/Applications/Video/Mkvtoolnix.app/Contents/MacOS/mkvextract tracks IronSkyMAIN-rip.mkv 5:sup1.sup 6:sup2.sup 7:sup3.sup

An example screenshot with the results:



Now, you'll need to convert these BD-specific sup files to traditional IDX / SUB pairs. Unfortunately, most of the traditional tools like SubtitleCreator 2.3rc1 (which I used in a previous article for DVB TS SUP -> IDX + SUB conversion) doesn't recognize the format; neither does SubMagic (which doesn't handle DVB TS SUP's either, BTW). The tool I recommend is, fortunately, fully OS X-compliant as it's written in Java: BDSup2Sub (dedicated thread). Just download BDSup2Sub.jar (the current, stable 4.0.1 version will be just fine) and double-click it.

When the GUI is displayed, select File > Load and load the SUP files, one by one. Just click OK on the first two dialogs to dismiss them; after that, select File > Save/Export and, there, after setting the export language, Save:




Now, to add the new, converted subtracks back to the MKV file, go back to  MKVtoolnix and click the same Add button as above. Add the IDX files (only – no need to manually add the .sub files). You can mass-add them if you use the Cmd key while clicking for multiple selection. After adding the three of them,  MKVtoolnix will show the following:



Now, just click “Start Muxing” at the bottom left. The MKV file will be muxed; now, with the DVD-format VobSub track, also compatible with Subler.

Now, what you will need to do is straightforward.

1, Open the MKV file in Subler. Don't touch anything in the open dialog: do NOT try enabling  the “S_HDMV/PGS” subtracks!



2, Click Add and, then, you can save your video right away (Cmd + S): it'll have the OCR'ed audio tracks.

If you also want to save in the same target MP4 file both the DVD-compliant VobSub bitmap subtracks in addition to the just-created OCR'ed version of them, you'll need to do exactly the same as was the case with DVD's. While still having the just-remuxed (target) MP4 file in Subler, click + in the upper left corner, select the MKV file (again) and set every single VobSub track action to Passthru from the default 3GPP Text; also, don't forget to disable all the non-VobSub-subtitle-tracks (all audio/ video etc. tracks) so that they aren't duplicated in the target file:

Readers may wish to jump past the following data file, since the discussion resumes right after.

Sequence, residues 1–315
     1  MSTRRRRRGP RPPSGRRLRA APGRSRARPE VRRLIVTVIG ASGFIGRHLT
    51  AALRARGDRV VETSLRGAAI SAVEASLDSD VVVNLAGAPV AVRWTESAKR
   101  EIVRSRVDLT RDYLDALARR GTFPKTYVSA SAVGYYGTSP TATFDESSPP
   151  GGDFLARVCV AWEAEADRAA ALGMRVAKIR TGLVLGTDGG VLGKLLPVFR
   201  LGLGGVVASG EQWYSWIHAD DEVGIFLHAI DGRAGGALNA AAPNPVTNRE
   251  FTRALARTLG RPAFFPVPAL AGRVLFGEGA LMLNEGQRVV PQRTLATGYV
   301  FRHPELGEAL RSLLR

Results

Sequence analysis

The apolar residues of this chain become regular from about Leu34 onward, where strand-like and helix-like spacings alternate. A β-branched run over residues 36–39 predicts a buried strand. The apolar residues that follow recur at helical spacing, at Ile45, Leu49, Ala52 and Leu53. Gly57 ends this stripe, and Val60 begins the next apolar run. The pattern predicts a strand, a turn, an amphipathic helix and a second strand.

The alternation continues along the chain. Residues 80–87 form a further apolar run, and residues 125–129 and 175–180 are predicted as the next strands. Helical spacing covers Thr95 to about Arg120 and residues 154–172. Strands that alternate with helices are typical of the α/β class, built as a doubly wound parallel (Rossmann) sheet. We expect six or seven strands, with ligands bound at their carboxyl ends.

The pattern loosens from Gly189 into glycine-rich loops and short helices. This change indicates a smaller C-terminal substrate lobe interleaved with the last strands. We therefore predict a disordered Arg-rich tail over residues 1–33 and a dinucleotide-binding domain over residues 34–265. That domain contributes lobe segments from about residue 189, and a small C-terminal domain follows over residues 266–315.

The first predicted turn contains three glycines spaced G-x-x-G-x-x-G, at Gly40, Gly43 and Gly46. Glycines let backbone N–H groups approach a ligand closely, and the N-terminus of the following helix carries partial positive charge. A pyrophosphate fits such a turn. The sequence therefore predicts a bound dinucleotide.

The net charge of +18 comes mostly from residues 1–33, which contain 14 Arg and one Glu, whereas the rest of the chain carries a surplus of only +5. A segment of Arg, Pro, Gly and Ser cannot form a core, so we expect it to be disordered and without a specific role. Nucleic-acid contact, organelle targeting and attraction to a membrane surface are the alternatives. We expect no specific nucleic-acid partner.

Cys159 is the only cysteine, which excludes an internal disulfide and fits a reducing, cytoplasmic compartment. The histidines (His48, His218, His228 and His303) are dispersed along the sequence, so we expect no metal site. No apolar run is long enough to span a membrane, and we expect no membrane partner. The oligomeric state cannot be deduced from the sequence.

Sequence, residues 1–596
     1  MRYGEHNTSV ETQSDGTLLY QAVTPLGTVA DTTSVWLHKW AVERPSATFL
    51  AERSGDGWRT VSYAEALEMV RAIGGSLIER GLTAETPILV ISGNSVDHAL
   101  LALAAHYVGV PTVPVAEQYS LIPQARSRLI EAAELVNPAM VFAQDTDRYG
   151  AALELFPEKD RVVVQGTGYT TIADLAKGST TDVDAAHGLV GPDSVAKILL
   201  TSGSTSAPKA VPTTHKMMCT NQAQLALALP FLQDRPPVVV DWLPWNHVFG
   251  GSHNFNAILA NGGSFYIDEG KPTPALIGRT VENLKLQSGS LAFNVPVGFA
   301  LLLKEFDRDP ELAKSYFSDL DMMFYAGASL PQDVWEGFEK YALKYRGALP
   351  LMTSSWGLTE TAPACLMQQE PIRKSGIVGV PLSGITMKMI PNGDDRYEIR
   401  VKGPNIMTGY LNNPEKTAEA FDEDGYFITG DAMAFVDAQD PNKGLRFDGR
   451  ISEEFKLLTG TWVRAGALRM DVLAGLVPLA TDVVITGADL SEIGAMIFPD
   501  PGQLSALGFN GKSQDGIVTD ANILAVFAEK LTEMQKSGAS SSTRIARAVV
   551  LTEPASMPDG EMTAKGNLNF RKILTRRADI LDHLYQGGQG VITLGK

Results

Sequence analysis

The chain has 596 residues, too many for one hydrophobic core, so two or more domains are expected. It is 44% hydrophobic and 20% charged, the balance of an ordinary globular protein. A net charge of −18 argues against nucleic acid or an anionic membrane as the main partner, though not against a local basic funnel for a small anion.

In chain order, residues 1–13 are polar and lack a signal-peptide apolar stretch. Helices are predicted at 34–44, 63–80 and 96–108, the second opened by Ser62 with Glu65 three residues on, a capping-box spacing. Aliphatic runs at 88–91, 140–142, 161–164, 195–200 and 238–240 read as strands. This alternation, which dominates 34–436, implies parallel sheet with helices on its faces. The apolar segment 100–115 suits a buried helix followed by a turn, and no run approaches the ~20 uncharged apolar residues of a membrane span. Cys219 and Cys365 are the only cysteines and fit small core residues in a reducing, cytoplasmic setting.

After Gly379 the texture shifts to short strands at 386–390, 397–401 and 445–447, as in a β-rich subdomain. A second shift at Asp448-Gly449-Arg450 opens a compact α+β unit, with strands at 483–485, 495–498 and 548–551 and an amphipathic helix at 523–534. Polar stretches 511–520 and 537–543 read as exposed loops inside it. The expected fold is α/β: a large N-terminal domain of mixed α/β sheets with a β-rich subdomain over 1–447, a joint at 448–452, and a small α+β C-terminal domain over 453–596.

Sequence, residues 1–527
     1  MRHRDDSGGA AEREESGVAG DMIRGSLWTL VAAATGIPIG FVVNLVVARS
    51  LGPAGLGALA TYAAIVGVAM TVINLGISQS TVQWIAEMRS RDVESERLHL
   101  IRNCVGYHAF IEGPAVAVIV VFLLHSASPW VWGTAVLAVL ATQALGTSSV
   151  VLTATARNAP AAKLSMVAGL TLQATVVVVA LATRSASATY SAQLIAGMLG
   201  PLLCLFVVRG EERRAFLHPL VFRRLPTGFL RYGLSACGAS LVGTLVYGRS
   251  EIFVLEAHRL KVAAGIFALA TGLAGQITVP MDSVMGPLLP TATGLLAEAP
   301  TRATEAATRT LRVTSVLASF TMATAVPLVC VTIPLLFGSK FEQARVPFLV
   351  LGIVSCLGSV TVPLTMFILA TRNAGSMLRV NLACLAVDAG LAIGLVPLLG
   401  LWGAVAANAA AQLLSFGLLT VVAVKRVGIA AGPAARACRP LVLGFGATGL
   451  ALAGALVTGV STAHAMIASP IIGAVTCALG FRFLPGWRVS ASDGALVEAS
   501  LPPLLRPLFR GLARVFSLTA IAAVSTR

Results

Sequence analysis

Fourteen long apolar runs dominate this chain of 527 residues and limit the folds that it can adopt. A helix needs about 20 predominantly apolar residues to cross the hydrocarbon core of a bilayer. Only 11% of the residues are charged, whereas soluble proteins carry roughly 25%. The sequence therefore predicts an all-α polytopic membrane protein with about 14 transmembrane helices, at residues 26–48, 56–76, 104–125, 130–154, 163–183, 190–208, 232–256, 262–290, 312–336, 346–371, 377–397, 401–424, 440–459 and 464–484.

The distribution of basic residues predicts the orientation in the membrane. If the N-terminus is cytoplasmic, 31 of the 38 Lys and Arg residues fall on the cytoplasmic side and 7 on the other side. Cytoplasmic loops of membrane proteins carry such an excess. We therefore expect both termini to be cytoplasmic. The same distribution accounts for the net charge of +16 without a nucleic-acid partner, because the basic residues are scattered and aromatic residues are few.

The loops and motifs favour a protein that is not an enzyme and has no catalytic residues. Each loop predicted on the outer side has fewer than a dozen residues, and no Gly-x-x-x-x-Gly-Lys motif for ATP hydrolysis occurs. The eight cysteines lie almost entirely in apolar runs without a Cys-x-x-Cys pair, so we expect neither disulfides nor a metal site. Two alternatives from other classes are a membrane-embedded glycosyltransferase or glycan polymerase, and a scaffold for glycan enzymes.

To avoid the bitmap subtitles being shown with extra large, blown-up characters, you'll also want to decrease their size after(!!!) saving (Cmd + S). (Changes made before exporting VobSub tracks won't be visible.) To do this, click each of the just-added VobSub subtitle tracks (not the older textual ones!) and enter 1920 in the first field after Scaled Size (and press Tab) and 540 in the second, instead of the original 640 and 480, respectively (if it shows 0, make sure you save the file first!):




Now, you can just save the file. (Again, here, you can also change the subtrack names to reflect their being bitmaps.)

Why just 540? you may ask. I've found it the most ideal. When keeping the default one (after entering 1920 in the first textfield, it'll be computed to be 1440 as can also be seen in THIS screenshot), the bitmap subs will be in the center of the screen as can be seen in the following screenshot (click it for the original-sized one):

After changing the default 1440 to 540, the subtitle will be a bit distorted (vertically scaled) but, at least, displayed at the bottom of the screen:

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Werner Ruotsalainen is an iOS and Java programming lecturer who is well-versed in programming, hacking, operating systems, and programming languages. Werner tries to generate unique articles on subjects not widely discussed. Some of his articles are highly technical and are intended for other programmers and coders.

Werner also is interested in photography and videography. He is a frequent contributor to not only mobile and computing publications, but also photo and video forums. He loves swimming, skiing, going to the gym, and using his iPads. English is one of several languages he speaks.